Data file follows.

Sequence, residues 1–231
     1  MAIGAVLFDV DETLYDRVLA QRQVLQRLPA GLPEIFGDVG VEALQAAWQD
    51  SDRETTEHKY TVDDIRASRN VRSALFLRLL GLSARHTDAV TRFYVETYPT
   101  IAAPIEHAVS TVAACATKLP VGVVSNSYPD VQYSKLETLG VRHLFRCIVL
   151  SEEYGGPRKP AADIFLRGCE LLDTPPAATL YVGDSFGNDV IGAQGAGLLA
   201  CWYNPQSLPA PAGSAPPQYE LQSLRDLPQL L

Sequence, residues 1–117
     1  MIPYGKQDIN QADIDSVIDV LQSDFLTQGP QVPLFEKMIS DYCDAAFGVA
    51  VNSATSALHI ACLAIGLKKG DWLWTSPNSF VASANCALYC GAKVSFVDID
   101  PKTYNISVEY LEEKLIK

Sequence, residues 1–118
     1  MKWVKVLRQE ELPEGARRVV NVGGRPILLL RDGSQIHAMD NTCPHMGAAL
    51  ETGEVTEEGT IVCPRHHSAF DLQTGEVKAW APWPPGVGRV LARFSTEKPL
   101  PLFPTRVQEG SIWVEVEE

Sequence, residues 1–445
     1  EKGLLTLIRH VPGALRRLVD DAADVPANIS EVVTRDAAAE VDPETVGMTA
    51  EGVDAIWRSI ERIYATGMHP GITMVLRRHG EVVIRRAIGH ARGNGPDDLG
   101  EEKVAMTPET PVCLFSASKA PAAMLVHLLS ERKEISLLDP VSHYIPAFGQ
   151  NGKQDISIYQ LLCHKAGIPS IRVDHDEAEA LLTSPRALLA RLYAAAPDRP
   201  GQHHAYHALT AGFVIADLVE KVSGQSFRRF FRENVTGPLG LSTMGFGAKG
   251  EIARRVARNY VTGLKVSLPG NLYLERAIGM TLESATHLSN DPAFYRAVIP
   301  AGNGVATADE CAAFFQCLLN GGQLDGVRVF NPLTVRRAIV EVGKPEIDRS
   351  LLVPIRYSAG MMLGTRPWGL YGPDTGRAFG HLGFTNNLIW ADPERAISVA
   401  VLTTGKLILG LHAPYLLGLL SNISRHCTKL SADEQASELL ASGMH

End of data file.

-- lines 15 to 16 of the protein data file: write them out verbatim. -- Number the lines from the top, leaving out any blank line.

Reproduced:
Sequence, residues 1–445
     1  EKGLLTLIRH VPGALRRLVD DAADVPANIS EVVTRDAAAE VDPETVGMTA